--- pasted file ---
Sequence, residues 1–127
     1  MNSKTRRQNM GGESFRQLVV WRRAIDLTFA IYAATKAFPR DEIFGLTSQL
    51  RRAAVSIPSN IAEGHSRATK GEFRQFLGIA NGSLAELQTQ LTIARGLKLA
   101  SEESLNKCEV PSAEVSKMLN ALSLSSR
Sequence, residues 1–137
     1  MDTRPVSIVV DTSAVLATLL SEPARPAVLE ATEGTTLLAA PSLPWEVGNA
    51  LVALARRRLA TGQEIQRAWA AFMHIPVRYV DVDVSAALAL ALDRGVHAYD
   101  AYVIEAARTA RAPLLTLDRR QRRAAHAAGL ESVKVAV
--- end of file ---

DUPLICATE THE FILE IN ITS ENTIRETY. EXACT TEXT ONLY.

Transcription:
Sequence, residues 1–127
     1  MNSKTRRQNM GGESFRQLVV WRRAIDLTFA IYAATKAFPR DEIFGLTSQL
    51  RRAAVSIPSN IAEGHSRATK GEFRQFLGIA NGSLAELQTQ LTIARGLKLA
   101  SEESLNKCEV PSAEVSKMLN ALSLSSR
Sequence, residues 1–137
     1  MDTRPVSIVV DTSAVLATLL SEPARPAVLE ATEGTTLLAA PSLPWEVGNA
    51  LVALARRRLA TGQEIQRAWA AFMHIPVRYV DVDVSAALAL ALDRGVHAYD
   101  AYVIEAARTA RAPLLTLDRR QRRAAHAAGL ESVKVAV